I’m sorry for many of the media, including myself, along with several garage insiders who read of Mayfield’s arrest and wondered what, if anything, we could have done differently. Journalists are taught to report without bias, but the degree of 50/50 reporting, in hindsight, showcases how many of us were sucked into this mythical web. From May 2009, when Mayfield filed a lawsuit to try and get his indefinite suspension lifted, to early July, when Judge Graham Mullen granted a temporary injunction, many in NASCAR’s garage area came out in support of the driver. Even the judge appeared sold in his initial ruling, concluding the possibility of a false positive “was quite substantial” based on the way NASCAR’s drug lab, Aegis Laboratories, handled the sample. How could you not have seeds of doubt in your head, to the point you’re asking people if the sport is ready to change their drug policy in light of a possible mistake?
Weeks later, a second positive test for meth caused Mullen to quickly reverse that ruling, but the Mayfield damage had already been done. For some, no amount of positive testing would alter his innocence, as the driver became a symbol of the one man that stepped up to fight the establishment.
And that’s where I’m sorry for NASCAR. In a two-year span, its drug policy — instituted with the best of intentions — was publicly dragged through the mud. David Black, the head of Aegis for a time, was made out to be an arrogant fool, mishandling samples while accused of ignoring others to persecute the NASCAR-selected guilty. The sport’s CEO got it worst of all; Mayfield tried to out anything and everything about France, from his divorce to financial issues to insinuating he had his own past history of drug use. As the mainstream media caught on to the madness, it was nothing less than a black eye during a time when attendance, TV ratings and a sport’s reputation were already taking punches from other sources.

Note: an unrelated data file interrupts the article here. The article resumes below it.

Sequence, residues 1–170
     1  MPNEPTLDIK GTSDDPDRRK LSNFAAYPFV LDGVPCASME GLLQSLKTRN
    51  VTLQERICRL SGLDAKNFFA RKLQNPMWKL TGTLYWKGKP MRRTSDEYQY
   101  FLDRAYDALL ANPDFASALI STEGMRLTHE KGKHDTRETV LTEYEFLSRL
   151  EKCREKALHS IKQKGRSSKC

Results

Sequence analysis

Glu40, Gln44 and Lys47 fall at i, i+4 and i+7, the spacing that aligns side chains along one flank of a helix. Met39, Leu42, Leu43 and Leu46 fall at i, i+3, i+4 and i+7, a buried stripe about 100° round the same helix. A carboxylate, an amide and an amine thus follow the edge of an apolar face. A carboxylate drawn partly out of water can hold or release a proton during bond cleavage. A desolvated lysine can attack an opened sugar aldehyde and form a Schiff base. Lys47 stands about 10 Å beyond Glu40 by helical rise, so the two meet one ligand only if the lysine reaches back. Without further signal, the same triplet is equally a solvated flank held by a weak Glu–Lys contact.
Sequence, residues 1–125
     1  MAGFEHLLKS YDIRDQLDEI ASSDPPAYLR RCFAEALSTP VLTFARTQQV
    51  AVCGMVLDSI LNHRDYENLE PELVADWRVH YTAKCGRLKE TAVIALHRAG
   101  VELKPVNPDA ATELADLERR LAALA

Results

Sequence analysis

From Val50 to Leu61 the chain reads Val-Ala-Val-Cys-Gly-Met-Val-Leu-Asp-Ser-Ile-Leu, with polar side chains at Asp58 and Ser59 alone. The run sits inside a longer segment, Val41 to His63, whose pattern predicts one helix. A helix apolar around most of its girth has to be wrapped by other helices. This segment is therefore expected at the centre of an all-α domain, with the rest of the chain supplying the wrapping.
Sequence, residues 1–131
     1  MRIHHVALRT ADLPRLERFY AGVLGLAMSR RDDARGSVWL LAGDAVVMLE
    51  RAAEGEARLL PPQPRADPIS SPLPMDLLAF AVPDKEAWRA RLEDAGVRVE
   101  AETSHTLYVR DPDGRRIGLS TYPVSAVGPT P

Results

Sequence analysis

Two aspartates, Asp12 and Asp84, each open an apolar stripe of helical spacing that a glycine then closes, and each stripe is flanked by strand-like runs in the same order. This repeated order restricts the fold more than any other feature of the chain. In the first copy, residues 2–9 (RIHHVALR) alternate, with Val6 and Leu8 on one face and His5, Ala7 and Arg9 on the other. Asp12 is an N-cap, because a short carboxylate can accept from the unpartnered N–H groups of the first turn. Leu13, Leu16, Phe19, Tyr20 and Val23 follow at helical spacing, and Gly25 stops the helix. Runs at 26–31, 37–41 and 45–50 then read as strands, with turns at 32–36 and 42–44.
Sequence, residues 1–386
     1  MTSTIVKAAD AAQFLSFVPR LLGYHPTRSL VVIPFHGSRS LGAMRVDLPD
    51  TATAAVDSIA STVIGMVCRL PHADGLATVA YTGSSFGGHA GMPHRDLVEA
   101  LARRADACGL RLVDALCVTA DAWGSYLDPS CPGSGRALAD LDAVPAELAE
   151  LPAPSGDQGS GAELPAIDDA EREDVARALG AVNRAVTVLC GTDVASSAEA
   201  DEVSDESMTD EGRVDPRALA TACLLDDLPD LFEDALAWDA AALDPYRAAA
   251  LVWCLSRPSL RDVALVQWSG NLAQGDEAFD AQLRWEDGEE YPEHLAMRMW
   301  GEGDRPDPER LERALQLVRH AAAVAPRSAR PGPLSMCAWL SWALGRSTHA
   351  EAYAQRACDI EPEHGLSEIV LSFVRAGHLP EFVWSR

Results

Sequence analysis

It took two years for closure to come, but the knockout punch landed squarely on Mayfield himself. But who can trump victory here? Ugly wars don’t come with squeaky-clean finishes. Instead, it’s the victims who are left to clean up the mess and move forward. And while you’re sorry and I’m sorry, the only person not apologizing is the one who stirred up all these feelings in the first place.
“Mr. Mayfield has no knowledge of either stolen property or methamphetamine being present on his property,” says Daniel Marino, the latest attorney for the driver (some of his predecessors still haven’t been paid, yet another sign ignored through the strength of Mayfield’s lies). “He denies the accusation that he was in possession of methamphetamine or any illegal drug, and he denies any suggestion that he knowingly received or possessed stolen property.”
Here we go again. In the face of certain disaster, Mayfield goes back to the one tried-and-true method he feels has kept him afloat these past two years: lying, straight-faced to the public.
The problem is no one believes him anymore. That means Mayfield can no longer win … and neither can anyone else.
Agree with Tom? Disagree? Post a comment below and tell him how you feel. You can also follow Tom on Twitter @NASCARBowles